Monday, December 27, 2010

For the Record: Jambalaya

On Xmas eve, facing an incredibly busy 24 hours ahead, one of the tasks I needed to accomplish was coming up with some sort of Xmas dinner. I had planned to bake a ham my friend Deb hooked me up with earlier this fall when she offered to split half a pastured hog from Forever Endeavor Farm .

We've already feasted on the extremely tasty, super-thick uncured bacon from this hog share, and I am looking forward to trying the ham. The thing is, it's big, this ham. Also I've never cooked a whole ham before. I have a bit of Ham Anxiety going. Plus I really, really didn't want to wreck it, and when I'm multitasking like mad on 10,000 different things that need to be done NOW is precisely the time I tend to lose track of little things like the ham in the oven.

Then I just forgot to get the darn thing out of the freezer. Since it would require at least a day to thaw that pretty much took ham off our family's Xmas menu. Standing in the grocery store late on Xmas Eve afternoon -- me and the other bazillion last-minute grocery shoppers -- casting about for a replacement meal I came up with jambalaya. I've made this recipe literally dozens of times; it's always been a go-to dish for football weekends, open house holiday scenarios, any time there's an open-ended time frame yet lots of people to feed.

The recipe comes from a cook book that I alas no longer have access to. It's a church fundraiser cooking collection from some tiny parish in Louisiana, self-published in 1982 in blurry mimeograph print. There are recipes for muskrat and alligator in there, plus all kinds of Cajun dishes -- some common outside the bayou, others I've never heard of even in Paul Prudhomme. I've made some amazing dishes from that book -- a smoky, buttery crawfish etouffe prominent among them -- but always go back to this jambalaya. It's relatively easy to put together, holds well, and tastes even more amazing the next day.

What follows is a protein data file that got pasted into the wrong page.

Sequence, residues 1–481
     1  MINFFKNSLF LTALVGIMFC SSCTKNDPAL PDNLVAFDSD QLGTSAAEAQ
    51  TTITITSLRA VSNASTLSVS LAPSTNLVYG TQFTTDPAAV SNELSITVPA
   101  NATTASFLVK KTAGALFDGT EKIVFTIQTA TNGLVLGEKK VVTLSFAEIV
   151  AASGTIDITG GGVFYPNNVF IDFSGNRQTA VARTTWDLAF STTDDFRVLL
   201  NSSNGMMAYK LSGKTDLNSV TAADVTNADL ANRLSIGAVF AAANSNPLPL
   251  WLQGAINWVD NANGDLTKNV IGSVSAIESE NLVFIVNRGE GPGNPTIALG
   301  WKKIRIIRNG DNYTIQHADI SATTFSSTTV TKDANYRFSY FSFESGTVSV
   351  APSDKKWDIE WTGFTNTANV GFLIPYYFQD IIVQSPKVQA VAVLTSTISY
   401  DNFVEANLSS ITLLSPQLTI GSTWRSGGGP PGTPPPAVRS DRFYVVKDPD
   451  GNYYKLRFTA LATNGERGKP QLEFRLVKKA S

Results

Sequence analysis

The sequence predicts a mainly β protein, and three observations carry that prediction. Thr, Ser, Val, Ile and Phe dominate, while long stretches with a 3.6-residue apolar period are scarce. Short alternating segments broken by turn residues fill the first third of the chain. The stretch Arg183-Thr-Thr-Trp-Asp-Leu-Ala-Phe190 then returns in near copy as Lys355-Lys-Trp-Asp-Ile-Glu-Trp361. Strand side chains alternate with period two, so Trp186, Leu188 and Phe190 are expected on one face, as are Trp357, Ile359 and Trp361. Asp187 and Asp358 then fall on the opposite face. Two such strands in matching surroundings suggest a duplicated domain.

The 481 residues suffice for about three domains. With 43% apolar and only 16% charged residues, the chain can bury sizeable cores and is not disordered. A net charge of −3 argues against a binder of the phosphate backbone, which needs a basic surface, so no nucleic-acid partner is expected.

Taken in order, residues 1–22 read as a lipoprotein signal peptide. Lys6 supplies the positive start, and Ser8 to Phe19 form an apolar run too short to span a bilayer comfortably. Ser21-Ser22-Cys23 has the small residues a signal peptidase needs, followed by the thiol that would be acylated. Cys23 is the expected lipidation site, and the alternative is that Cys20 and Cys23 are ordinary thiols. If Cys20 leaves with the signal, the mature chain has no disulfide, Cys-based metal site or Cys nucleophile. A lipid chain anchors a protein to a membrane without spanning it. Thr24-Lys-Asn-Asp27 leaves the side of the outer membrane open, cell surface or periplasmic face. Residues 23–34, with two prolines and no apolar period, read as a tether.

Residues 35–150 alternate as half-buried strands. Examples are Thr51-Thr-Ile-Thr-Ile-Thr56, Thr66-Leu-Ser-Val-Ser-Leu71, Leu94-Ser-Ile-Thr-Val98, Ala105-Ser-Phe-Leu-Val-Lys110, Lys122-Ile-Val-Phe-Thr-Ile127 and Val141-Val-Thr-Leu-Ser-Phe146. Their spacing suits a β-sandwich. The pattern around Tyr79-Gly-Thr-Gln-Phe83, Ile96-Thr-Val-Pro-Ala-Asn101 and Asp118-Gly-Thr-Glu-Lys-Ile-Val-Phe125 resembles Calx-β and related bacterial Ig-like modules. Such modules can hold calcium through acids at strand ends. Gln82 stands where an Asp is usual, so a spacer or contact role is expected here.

I really really wish I could reproduce the original recipe in all its glory; the directions are quite eccentrically bossy and specific. But the ingredients are right. I made this late Xmas afternoon and we've been living off it ever since.

Serve with the best French bread you can find, sliced and thickly spread with lots and lots of sweet butter.

2 lbs shrimp, peeled
1 lb andouille sausage (the andouille from Neopol in the Belvedere Market makes for a truly outstanding jambalaya)
1 c chopped onion
i c chopped green pepper
1/2 chopped celery
4 cloves garlic
1/8 t cayenne
1/2 t salt
4 bay leaves
1/2 t chili powder
1.5 t thyme
1.5 t basil
1/4 t allspice
1/4 t cloves
2 cans stewed tomatoes, drained, reserve juice
2 c beef stock (use tomato juice to reconstitute stock if using beef base)
1.5 c rice
green onions
curly parsley
Crystal hot sauce

Sear andouille, set aside. In same pan, melt 2 tablespoons butter with 2 tablespoons oil. Sautee peppers and onions until softened, then add garlic, spices, tomatoes (drained, saving juice to make up stock if using stock base). Add stock and rice, bring to boil, cover, cook on low 20-30 min until rice is cooked. Add shrimp, stir frequently five more minutes. Stir in chopped green onions and parseley. Top with more of both, plus hot sauce. Don't forget the butter bread.